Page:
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Review: Fish Tank

Posted by on December 1st, 2010 | 1 Comment | Tags:

One thing I like about Minis titles is that their XMB splash screens usually give a fun description of what the game is all about. Fish Tank’s reads, “…revolutionary “Match-3″ game that combines puzzle elements with reflex based segments!” If you’re not familiar with “Match-3″ type puzzle games, see Magical Drop F, Bust-A-Move, or the modern classic Critter Crunch. Now that you’ve become acquainted with Match-3 puzzling, let me introduce you to what is “revolutionary” about Fish Tank: You play from left to right. There are rows where once there were columns, and fish are swimming from the left side of the screen to get into the rows. It’s not much of an innovation, but Fish Tank does perform a couple of other tricks. Some are for the good, while many are for the bad.

Fish Tank is a Match-3 puzzle game, for sure. You control fish as they swim from the left side of the screen. These fish are of different types, which basically means different colors. Your objective is to place same-colored fish next to each other. Once you have 4 or more fish of the same color touching each other, that group gets assigned a face button (□,△,x,o). To pop the group and score some points, press the assigned face button. Since there are 4 face buttons, you can have up to 4 different groups ready to pop at any one time. Just like in your favorite Match-3 games, the bigger the group, the more points you receive. Popping groups in rapid succession leads to bonuses, as well. There are two ways to lose. First, you can run out of time. There’s a timer up top that steadily decreases as you play. It’s refilled according to how many fish you’re popping. The second lose condition is if you “miss” too many fish. A “miss” occurs when you direct a fish into a full row. The fish makes it into the leftmost spot, but the poor bugger in the rightmost spot gets discarded.

Fish Tank has a limited number of interesting modes. If you select Play, you’ll be able to choose your difficulty (Easy, Medium, Difficult), and play until you meet one of the lose conditions. Unless you play on Hard, this mode doesn’t hold much appeal. I played Medium until my score was 999/999. Yes, I reached the maximum score in this puzzle game. Once you get to 999, the game stops registering your score. So, my “personal record” is 999. Good luck getting 1,000. Hard mode introduces less rows but more fish and is somewhat difficult, but the power-ups ease the pain quite a bit. Power-ups will float across the screen and can be activated by pressing the L trigger. The power-ups’ affects include filling the time meter, slowing the speed at which the fish swim in, clearing rows and columns, and increasing the maximum number of missed fish allowed.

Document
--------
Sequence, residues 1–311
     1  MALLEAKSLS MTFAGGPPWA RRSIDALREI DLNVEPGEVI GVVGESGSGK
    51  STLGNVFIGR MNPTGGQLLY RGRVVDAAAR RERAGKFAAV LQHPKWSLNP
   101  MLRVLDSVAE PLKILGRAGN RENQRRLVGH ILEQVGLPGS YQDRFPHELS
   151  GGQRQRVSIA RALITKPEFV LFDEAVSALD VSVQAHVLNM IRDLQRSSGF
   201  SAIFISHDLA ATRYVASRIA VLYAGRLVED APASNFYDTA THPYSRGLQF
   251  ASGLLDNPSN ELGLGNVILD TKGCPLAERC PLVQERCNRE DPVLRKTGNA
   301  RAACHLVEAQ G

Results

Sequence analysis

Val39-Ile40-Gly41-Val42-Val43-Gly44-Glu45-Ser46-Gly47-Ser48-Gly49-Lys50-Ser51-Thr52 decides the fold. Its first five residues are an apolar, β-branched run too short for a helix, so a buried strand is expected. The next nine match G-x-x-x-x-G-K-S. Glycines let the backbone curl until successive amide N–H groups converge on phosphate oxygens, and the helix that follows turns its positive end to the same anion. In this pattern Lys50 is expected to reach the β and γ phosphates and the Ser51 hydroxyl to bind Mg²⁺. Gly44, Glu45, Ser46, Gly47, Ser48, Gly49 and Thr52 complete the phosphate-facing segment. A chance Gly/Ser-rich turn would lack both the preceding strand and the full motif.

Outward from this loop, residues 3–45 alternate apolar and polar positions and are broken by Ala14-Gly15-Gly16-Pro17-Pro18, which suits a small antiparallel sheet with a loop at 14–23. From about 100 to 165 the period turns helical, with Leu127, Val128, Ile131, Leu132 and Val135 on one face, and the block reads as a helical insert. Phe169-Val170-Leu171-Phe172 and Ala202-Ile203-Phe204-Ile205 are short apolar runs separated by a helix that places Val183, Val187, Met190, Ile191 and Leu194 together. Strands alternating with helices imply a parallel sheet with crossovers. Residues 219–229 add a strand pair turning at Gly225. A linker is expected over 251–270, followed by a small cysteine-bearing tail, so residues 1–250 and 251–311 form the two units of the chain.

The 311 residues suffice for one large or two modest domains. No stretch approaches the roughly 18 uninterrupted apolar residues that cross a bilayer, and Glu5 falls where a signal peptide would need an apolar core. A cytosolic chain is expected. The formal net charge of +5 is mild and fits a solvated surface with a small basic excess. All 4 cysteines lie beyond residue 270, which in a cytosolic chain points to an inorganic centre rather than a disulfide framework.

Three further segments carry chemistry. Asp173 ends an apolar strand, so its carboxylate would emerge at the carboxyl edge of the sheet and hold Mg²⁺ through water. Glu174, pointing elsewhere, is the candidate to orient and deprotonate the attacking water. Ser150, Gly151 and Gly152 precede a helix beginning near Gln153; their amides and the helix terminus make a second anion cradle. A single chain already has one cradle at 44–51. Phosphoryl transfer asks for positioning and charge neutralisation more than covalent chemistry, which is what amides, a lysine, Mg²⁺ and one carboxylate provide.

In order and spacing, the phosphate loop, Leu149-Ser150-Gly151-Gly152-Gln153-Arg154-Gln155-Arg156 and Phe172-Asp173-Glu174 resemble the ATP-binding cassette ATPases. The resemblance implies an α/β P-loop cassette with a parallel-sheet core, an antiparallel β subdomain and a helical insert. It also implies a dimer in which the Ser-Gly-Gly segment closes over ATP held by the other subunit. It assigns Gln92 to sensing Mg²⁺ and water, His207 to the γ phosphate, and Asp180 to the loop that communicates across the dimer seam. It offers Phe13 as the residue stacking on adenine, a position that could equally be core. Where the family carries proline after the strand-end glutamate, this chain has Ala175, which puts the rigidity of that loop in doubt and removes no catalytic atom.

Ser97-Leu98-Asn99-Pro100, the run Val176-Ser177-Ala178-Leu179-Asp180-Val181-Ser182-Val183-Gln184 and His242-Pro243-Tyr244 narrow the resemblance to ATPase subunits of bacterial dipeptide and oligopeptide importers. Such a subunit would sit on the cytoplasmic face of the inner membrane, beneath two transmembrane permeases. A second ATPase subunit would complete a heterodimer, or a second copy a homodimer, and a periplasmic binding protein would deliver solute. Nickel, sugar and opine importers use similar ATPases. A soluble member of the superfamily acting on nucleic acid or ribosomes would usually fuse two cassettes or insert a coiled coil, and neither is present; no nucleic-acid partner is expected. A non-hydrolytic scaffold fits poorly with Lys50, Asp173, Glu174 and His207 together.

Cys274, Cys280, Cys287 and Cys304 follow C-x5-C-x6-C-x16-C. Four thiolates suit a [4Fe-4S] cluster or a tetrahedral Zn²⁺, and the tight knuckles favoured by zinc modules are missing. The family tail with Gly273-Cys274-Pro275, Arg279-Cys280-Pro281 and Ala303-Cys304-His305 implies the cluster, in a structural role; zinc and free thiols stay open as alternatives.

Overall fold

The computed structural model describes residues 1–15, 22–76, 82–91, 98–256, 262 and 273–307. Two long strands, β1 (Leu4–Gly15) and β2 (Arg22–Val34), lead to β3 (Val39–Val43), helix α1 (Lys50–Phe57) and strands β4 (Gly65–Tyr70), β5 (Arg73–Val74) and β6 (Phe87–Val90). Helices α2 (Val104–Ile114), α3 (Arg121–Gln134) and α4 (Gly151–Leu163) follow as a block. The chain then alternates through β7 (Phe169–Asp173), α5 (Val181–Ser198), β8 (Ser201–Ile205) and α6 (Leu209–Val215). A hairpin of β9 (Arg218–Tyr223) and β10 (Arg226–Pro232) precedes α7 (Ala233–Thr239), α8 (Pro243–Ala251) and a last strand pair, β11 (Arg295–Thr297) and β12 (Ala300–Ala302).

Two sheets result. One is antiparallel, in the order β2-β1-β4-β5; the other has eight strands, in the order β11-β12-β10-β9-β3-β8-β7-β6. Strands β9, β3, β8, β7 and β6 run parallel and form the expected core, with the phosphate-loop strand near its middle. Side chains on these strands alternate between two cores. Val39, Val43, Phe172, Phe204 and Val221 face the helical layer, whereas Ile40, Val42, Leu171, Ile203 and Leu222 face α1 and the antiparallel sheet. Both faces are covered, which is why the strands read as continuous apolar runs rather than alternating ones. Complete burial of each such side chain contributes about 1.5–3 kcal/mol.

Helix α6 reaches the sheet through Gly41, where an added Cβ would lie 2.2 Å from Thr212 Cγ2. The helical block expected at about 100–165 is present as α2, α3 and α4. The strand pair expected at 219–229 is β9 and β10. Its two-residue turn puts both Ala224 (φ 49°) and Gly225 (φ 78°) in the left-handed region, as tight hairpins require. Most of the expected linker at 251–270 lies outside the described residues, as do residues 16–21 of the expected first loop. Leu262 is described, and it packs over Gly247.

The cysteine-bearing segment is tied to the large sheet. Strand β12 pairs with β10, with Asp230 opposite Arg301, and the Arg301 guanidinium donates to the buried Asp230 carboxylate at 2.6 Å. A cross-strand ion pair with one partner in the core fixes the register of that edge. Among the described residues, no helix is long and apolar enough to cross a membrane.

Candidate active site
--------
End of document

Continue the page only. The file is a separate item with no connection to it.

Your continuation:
I did spend a few hours playing this game, mostly in its Challenge mode. There are 24 challenges to be completed, and each one asks of you the same thing: Achieve “_” score. Save for the last 8 challenges, the background image and music loop don’t change. That means that between the menus and every type of play mode, there are about 3 40-second music loops. One of them is admittedly catchy, but the others are forgettable. There isn’t much more to the challenge mode. The final challenges are tough because the fish move quickly and you have a small number of misses, but the other 20 or so are fairly easy.

Overall, I can’t really recommend Fish Tank unless you have absolutely no other puzzle game to play. It tried a couple of different things and didn’t quite succeed. The 90-degree turn doesn’t do much for the genre, really. You have the ability to choose when your groups pop, which is cool, I guess. One thing that I couldn’t decide whether or not I hated is the fact that the fish are free-swimming, so to speak. There are rows that you’re required to put them in, but the fish don’t snap to the rows. When you press down, for example, it doesn’t move the fish to the next row down, it just slightly moves the fish lower on the screen. This means that until you get a hang of this control method, you’ll likely be placing fish in the wrong rows every once in a while. I prefer a more precise, stilted movement in my puzzle games. Tetris, Lumines, and, again, Critter Crunch haven’t swayed from this formula; I don’t think Fish Tank is the game to successfully do so.

For more info on our review policy click here. This review is for the PlayStation Portable version of the game.

General Info

    Besides for the literal twist on match-3 puzzling, there's not much there

  • Eric G

    Critter Crunch isn’t exactly a match-3 puzzler, but it does share a few things in common with the game type.